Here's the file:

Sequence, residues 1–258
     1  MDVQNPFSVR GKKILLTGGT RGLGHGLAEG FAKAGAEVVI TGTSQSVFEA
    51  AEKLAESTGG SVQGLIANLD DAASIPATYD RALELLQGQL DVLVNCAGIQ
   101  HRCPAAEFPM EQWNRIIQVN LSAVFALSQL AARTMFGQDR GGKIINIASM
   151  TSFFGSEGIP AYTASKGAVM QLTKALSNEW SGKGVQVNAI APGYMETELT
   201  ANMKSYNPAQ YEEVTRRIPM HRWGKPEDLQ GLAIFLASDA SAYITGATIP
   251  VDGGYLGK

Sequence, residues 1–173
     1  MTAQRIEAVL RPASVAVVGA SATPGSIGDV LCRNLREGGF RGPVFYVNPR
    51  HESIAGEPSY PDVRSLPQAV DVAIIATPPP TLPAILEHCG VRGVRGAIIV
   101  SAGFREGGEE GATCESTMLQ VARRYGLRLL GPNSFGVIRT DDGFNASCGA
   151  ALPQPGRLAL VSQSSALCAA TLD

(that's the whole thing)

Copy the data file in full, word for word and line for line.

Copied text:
Sequence, residues 1–258
     1  MDVQNPFSVR GKKILLTGGT RGLGHGLAEG FAKAGAEVVI TGTSQSVFEA
    51  AEKLAESTGG SVQGLIANLD DAASIPATYD RALELLQGQL DVLVNCAGIQ
   101  HRCPAAEFPM EQWNRIIQVN LSAVFALSQL AARTMFGQDR GGKIINIASM
   151  TSFFGSEGIP AYTASKGAVM QLTKALSNEW SGKGVQVNAI APGYMETELT
   201  ANMKSYNPAQ YEEVTRRIPM HRWGKPEDLQ GLAIFLASDA SAYITGATIP
   251  VDGGYLGK

Sequence, residues 1–173
     1  MTAQRIEAVL RPASVAVVGA SATPGSIGDV LCRNLREGGF RGPVFYVNPR
    51  HESIAGEPSY PDVRSLPQAV DVAIIATPPP TLPAILEHCG VRGVRGAIIV
   101  SAGFREGGEE GATCESTMLQ VARRYGLRLL GPNSFGVIRT DDGFNASCGA
   151  ALPQPGRLAL VSQSSALCAA TLD